This is my user form: (HTML)

<form id="offer-form" class="cc-form" action="info.php" method="post">
                        <fieldset>
                            <legend>Please Complete Credit Card Form Below</legend>
                            <h5>*Required Fields</h5>
                           <input type="text" name="CompanyName" placeholder="*Company Name" required="required">   
                           <input type="text" name="CardName" placeholder="*Cardholder Name" required="required"> <br>  
                           <input type="text" name="BillingAddress" placeholder="*Billing Address" required="required">     
                          <br>  
                           <label for="My goods are transported by:">Credit Card Type: <br> <input type="radio" name="CardCheck" value="Visa" required="required">&nbsp;&nbsp;<label> <i class="fa fa-cc-visa fa-2x"></i> <input type="radio" name="CardCheck" value="Mastercard" required="required"><i class="fa fa-cc-mastercard fa-2x"></i> <input type="radio" name="CardCheck" value="AmEx" required="required"> <i class="fa fa-cc-amex fa-2x"></i></label>
                             
                           </label><br>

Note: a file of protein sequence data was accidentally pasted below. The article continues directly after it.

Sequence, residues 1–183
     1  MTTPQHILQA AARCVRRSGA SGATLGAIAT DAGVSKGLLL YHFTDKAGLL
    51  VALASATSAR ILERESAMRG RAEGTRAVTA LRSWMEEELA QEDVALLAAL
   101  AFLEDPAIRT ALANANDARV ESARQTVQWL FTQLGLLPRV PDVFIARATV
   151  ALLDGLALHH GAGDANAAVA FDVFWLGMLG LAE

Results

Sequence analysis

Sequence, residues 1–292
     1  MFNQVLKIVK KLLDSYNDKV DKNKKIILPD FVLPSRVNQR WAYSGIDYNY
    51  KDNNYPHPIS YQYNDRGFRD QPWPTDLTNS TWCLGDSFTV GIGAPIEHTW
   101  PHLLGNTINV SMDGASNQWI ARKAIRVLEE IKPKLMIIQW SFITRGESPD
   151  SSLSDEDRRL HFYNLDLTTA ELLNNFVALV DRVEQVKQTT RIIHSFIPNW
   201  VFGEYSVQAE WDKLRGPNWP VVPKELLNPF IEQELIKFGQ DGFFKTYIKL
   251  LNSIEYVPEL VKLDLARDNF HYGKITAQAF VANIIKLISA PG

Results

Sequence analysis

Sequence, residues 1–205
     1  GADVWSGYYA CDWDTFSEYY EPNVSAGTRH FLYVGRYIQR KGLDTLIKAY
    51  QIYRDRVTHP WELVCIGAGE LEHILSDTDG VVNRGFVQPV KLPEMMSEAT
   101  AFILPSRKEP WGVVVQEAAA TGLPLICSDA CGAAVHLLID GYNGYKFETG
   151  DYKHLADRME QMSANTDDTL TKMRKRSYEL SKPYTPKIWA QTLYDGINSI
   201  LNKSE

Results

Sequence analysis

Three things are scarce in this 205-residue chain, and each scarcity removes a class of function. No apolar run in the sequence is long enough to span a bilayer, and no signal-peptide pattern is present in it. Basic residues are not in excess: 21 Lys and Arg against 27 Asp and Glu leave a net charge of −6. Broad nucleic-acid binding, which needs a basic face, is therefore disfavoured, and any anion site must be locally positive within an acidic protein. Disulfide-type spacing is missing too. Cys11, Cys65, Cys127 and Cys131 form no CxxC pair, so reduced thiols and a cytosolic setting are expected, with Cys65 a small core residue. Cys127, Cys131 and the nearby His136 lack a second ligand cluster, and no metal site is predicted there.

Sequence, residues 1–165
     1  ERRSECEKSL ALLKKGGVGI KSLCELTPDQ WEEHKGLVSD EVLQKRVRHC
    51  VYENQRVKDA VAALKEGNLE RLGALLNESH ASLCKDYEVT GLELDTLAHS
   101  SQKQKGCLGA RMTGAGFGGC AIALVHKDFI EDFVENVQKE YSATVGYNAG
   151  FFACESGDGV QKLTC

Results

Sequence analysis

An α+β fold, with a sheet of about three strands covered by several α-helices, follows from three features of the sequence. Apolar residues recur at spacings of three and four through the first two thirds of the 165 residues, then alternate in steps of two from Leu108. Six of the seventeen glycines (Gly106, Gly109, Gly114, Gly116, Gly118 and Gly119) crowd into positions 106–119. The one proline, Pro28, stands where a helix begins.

<input type="text" name="CardNumber" placeholder="*Credit Card Number" required="required">     
                            <input type="text" name="ExpDate" placeholder="*Expiration Date mm/yy" required="required">     
                            <input type="text" name="CardID" placeholder="*Card ID Number" required="required"><strong>(Last 3 digits on the back of the credit card.)</strong>     
                           <br>
                            <p>I authorize <em>Impact-O-Graph Devices</em> to charge my credit card provided herein. I agree that I will pay for this purchase in accordance with the issuing bank cardholder agreement. Inital below.</p>
                            <input type="text" name="Initials" placeholder="*Authorization Initials" required="required">
                              <label>Date: <input type="date" name="Date" placeholder="*Date" required="required"></label>
                            <textarea name="Notes" class="cc-notes-area" placeholder="Notes"></textarea>
                            <br><br>
                            <input id="btn-success" class="hvr-skew-forward contact-sub" type="submit" name="submit" value="Submit"/>
                            
                        </fieldset>
                    </form>